Buckingham supervisors make a choice about gold mining ordinance
Published 9:33 am Wednesday, August 10, 2022
BUCKINGHAM — Buckingham County residents will have to wait a bit longer to learn if gold mining will be allowed in their area. In their Monday, Aug. 8 meeting, the Buckingham Board of Supervisors tabled a proposed ordinance that would have placed restrictions on mining, despite opposition from residents.
County administrator Karl Carter explained during the meeting that Virginia’s current law does not allow for local governments to prohibit the practice of gold mining.
Chairman T. Jordan Miles recommended the board wait to make a decision on the ordinance until a statewide study on gold mining, established by legislation passed last year in the General Assembly by Delegate Guzman, is completed on Dec. 1.
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“Next year, the General Assembly might outright ban gold mining,” Chairman Miles said. “Something definitely needs to be put in place, but I would like to see that study done.”
Residents speak against gold mining
Over a dozen community members spoke in support of the ordinance to the board during the public comment period about the potential health risks, environmental damage and destruction of land they said will impact the county if gold mining operations continue.
Chad Oba is the director of Friends of Buckingham, which worked alongside the Virginia Community Rights Network to initially propose the ordinance. She urged the board to move swiftly in passing the ordinance.
“It is our hope that people have a right not to be poisoned,” Oba said. “And that you agree with that.”
Resident Stephanie Rinaldi told the board nearly 1,000 Buckingham County residents signed a petition in support of the ordinance titled: “Ordinance Requiring an Assessment of the Compatibility of Metallic Mining with the Right to Freedom from Toxic Trespass.”
The ordinance declares the right and responsibility for localities to protect its communities, residents, water, air and land from toxic substances. It would also require a metallic mining company to “Prove it First”, meaning it would first have to provide proof of at least one metallic mine that did not cause harm.
Thomas Ullrich, Chief Executive Officer of Aston Bay Holdings, stated in an email he has no comment on the ordinance, adding “these are initiatives that affect the property owners in the county, and the potential value of their land.”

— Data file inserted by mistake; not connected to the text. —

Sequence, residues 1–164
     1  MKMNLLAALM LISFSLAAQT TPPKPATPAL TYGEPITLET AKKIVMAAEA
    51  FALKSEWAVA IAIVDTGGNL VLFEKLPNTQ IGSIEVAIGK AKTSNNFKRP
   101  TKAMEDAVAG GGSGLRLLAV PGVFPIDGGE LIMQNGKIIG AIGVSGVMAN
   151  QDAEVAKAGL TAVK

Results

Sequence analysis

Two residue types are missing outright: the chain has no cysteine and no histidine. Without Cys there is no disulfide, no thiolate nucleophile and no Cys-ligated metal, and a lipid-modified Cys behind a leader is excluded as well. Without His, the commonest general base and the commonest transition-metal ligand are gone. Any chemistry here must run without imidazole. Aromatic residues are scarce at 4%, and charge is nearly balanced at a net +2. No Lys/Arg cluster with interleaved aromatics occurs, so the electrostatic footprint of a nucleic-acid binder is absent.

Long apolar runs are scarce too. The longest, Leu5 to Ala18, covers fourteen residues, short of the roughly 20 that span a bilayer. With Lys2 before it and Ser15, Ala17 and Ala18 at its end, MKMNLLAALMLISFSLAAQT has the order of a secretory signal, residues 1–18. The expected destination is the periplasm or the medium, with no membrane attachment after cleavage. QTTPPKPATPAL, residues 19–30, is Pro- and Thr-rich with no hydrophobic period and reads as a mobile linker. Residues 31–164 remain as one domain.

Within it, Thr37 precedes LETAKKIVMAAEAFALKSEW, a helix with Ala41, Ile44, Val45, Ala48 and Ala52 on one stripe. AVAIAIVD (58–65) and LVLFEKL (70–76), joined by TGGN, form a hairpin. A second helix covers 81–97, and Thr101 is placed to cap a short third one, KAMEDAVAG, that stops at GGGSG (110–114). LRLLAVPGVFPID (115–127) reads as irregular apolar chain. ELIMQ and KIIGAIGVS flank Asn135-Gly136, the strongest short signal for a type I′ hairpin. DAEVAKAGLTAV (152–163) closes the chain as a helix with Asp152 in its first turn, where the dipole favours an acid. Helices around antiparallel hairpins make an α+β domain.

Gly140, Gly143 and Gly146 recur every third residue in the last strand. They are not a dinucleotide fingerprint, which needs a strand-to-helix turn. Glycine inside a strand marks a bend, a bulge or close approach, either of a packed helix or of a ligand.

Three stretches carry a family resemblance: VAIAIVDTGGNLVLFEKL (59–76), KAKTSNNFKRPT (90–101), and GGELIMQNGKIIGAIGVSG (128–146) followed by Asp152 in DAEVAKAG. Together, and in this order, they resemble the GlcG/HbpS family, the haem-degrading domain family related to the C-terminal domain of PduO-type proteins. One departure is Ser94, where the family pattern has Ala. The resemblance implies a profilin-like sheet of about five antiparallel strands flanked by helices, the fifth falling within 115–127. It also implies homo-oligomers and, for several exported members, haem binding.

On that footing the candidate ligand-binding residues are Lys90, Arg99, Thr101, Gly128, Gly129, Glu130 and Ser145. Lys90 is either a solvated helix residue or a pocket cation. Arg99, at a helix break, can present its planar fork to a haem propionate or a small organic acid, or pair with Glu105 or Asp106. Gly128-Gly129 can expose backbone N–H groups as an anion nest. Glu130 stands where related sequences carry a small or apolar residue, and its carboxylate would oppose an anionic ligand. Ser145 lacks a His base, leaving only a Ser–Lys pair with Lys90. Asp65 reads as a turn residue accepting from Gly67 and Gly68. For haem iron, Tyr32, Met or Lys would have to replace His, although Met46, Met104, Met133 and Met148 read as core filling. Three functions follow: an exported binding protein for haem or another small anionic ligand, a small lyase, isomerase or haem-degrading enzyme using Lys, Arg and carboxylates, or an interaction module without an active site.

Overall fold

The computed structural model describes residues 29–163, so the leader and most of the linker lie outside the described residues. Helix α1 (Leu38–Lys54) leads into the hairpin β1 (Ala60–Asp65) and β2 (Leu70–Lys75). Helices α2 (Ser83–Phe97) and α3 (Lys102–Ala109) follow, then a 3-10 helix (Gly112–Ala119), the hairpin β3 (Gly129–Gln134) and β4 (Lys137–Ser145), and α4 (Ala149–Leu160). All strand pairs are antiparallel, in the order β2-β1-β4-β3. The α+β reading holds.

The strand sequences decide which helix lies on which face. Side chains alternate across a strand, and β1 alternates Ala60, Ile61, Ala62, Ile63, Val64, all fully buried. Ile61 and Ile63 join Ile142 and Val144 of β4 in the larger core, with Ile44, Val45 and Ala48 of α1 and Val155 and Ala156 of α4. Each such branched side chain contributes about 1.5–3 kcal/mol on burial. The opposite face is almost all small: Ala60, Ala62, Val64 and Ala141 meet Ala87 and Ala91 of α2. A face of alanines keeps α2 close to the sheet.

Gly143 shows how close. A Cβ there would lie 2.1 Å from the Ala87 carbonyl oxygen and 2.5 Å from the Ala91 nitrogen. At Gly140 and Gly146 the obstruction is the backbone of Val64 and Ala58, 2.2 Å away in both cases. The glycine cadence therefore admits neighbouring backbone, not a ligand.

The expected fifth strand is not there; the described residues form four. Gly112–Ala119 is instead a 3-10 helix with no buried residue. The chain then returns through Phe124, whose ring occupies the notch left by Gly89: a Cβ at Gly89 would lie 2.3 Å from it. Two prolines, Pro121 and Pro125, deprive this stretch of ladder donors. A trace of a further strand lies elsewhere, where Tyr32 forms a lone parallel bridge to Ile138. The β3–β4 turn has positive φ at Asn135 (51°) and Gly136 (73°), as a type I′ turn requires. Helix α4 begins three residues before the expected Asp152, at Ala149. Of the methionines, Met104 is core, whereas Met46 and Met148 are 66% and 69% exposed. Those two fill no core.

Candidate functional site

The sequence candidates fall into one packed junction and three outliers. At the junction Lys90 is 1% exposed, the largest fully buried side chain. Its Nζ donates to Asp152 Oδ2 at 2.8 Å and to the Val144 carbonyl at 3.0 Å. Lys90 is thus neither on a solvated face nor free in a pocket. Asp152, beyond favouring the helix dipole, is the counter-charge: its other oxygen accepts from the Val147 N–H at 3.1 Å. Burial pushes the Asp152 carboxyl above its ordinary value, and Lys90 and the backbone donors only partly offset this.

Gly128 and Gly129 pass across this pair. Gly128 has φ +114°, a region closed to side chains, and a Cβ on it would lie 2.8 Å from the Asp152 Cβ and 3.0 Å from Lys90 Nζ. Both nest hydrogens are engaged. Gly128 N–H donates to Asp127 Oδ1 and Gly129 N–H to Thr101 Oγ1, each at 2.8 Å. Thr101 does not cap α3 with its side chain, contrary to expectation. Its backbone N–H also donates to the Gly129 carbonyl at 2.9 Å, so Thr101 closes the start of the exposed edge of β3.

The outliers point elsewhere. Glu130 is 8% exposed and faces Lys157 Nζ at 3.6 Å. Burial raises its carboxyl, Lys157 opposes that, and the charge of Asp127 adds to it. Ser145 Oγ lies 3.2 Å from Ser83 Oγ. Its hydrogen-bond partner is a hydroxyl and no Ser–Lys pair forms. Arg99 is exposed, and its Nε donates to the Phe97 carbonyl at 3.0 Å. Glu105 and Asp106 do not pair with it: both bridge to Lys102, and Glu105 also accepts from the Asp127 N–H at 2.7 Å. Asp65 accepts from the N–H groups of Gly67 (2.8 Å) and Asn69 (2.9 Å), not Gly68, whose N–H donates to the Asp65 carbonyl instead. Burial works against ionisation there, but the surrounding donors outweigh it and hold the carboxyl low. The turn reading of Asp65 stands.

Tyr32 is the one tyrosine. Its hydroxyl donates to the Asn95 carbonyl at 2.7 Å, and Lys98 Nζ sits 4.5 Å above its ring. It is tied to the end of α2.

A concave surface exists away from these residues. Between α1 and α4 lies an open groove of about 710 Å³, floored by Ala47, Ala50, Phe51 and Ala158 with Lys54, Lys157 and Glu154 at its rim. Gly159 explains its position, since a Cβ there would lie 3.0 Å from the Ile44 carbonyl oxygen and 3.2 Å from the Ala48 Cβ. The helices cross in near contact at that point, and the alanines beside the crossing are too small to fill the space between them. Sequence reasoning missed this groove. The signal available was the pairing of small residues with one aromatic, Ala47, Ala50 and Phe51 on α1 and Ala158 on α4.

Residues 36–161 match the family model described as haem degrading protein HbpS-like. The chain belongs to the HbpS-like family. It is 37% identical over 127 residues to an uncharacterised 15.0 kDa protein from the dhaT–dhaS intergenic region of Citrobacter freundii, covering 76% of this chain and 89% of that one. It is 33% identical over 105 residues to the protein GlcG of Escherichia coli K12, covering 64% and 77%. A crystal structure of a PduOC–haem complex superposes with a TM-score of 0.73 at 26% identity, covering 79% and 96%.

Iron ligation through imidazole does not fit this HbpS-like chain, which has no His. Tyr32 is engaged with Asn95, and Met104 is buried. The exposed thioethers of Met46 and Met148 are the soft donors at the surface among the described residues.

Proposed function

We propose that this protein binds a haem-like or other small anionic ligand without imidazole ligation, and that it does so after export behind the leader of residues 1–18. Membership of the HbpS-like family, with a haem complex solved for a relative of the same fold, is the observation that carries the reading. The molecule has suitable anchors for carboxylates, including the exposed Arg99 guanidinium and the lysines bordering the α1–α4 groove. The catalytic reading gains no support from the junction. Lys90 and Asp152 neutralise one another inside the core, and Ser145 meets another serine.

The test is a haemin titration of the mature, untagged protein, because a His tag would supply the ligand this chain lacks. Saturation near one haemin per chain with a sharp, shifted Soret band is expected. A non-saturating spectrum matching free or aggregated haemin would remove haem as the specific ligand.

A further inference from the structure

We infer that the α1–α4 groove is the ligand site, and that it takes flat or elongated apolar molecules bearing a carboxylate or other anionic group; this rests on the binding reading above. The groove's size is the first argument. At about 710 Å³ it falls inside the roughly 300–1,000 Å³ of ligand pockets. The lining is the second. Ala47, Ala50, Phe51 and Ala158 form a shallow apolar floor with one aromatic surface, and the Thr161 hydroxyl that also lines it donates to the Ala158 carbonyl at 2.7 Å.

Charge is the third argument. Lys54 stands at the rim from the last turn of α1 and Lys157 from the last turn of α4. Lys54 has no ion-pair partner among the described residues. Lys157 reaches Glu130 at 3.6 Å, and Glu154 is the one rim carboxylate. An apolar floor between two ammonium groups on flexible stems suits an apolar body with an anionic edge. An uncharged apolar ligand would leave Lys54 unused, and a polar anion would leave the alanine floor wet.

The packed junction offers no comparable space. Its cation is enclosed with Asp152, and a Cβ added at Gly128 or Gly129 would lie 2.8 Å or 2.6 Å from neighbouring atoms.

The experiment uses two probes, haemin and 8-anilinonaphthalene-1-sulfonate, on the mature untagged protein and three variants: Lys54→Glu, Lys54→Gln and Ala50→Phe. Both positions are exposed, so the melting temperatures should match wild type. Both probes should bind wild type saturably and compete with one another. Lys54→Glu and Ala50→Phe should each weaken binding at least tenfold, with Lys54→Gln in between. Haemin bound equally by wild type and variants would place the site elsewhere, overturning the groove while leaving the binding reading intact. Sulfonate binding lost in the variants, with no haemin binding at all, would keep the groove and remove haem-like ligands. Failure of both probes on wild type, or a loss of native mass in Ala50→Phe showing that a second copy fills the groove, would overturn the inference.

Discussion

Gold mining accidents are common
A 2017 study of gold mines in the U.S. found that 100% of the mines analyzed — representing 93% of gold produced in the United States in 2013 — experienced an accidental release of hazardous materials. This can include cyanide, which is used to extract over 90% of the gold mined in the U.S. and is extremely lethal to humans even in small amounts, according to the Johns Hopkins Bloomberg School of Public Health.
The Environmental Protection Agency states rainwater carries toxins from mining open-pit waste dumps downstream through runoff and can infiltrate surface and groundwater resources, posing a serious threat to human health and the environment.
Resident Sosie Hublitz spoke to the board in support of the ordinance, reminding them that toxic runoff from gold mines wouldn’t only harm Buckingham County.
“I know as a community we should not even consider the poisoning of our Buckingham land, water and our home,” Sosie Hublitz said. “Nor should we consider the poisoning of the water of millions of people downstream from Buckingham that get their drinking water from the James River.”
Gold mining also generates dust and airborne pollutants that are carried by the wind into surrounding communities, according to a study published by the National Library of Medicine. Soil exposure to small-particle pollutants has been linked to heart attacks, decreased lung function and premature death in individuals with heart and lung disease.
What power do residents have?
Resident Maggie Snoddy asked a question of the board, wondering why members are so concerned about being sued for denying a mining permit.
“What company has that kind of power or the right to tell any community we want to come in, destroy your land and water, along with your wells and groundwater, and leave you with cancer and a shortened lifespan?” Snoddy said.
Resident James Wotten Jr.’s family has lived in the county since coming to work in the coal mines in 1742. He spoke to the board in support of the ordinance because his home place is under threat of being developed into a gold mine.
“It breaks my heart to think that it would be covered up and never be known to any of my grandchildren in the future,” Wotten said. “Because nobody will ever know it is there.”
Chairman Miles currently serves on the state agency committee studying the mining and processing of gold in Virginia, established by Delegate Guzman’s bill. He recommended waiting until the study results come out to see if the General Assembly will initiate a statewide ban on gold mining, but encouraged residents to speak at the committee meetings.
“That’s the purpose of the meetings is to consider all of this,” Chairman Miles said.
Supervisor Don Matthews agreed with Chairman Miles to wait on the results, but emphasized gold mining in the county is an issue that needs to be addressed.
“We’re showing that we’re working on something but instead of having to do it twice why don’t we see what the state comes up with?” Matthews said. “If it’s not sufficient, then we’ll have to step in and do what we need to do.”
What happens next?
The next state agency committee meeting is Friday, Aug. 26 from 9 a.m. until 12 p.m. Anyone interested in providing public comment can email firstname.lastname@example.org, or visit the gold mining study page under the Virginia Department of Energy website to learn more.